The Solicitor General does not suggest either in brief or argument that there were supervening conditions [292 U.S. 571, 580] which authorized Congress to abrogate these contracts in the exercise of the police or any other power. The title of the Act of March 20, 1933, repels any such suggestion. Although popularly known as the Economy Act, it is entitled an 'Act to maintain the credit of the United States.' Punctilious fulfillment of contractual obligations is essential to the maintenance of the credit of public as well as private debtors. No doubt there was in March, 1933, great need of economy. In the administration of all government business economy had become urgent because of lessened revenues and the heavy obligation to be issued in the hope of relieving widespread distress. Congress was free to reduce gratuities deemed excessive. But Congress was without power to reduce expenditures by abrogating contractual obligations of the United States. To abrogate contracts, in the attempt to lessen government expenditure, would be not the practice of economy, but an act of repudiation. 'The United States are as much bound by their contracts as are individuals. If they repudiate their obligations, it is as much repudiation, with all the wrong and reproach that term implies, as it would be if the repudiator had been a State or a municipality or a citizen.' The Sinking Fund Cases, 99 U.S. 700 , 719.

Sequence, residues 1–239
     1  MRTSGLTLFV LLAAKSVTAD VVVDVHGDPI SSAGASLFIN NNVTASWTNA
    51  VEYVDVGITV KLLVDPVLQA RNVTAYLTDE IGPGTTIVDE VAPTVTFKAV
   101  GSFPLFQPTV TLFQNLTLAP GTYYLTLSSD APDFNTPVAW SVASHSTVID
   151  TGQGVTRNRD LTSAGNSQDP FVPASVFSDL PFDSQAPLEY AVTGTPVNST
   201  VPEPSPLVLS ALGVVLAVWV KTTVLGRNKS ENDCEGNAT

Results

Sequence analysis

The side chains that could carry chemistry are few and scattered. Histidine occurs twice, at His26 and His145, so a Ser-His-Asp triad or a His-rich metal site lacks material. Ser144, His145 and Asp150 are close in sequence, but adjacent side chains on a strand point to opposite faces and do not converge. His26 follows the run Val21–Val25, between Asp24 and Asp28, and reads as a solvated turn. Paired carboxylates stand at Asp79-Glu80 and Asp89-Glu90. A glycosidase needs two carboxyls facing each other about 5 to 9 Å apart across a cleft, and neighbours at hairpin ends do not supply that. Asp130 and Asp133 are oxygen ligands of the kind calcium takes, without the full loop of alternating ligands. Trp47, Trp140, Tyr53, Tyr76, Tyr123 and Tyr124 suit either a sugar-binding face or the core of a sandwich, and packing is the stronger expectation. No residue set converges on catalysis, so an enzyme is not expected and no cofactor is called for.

Third. Contracts between individuals or corporations are impaired within the meaning of the Constitution (article 1, 10, cl. 1) whenever the right to enforce them by legal process is taken away or materially lessened. 8 A different rule prevails in respect to contracts of sovereigns. Compare Principality of Monaco v. Mississippi, 292 U.S. 313 , 54 S.Ct. 745, 78 L.Ed. --, decided May 21, 1934. 'The contracts between a Nation and an individual are only binding on the conscience of the sovereign and have no [292 U.S. 571, 581] pretensions to compulsive force. They confer no right of action independent of the sovereign will.' 9 The rule that the United States may not be sued without its consent is all-embracing.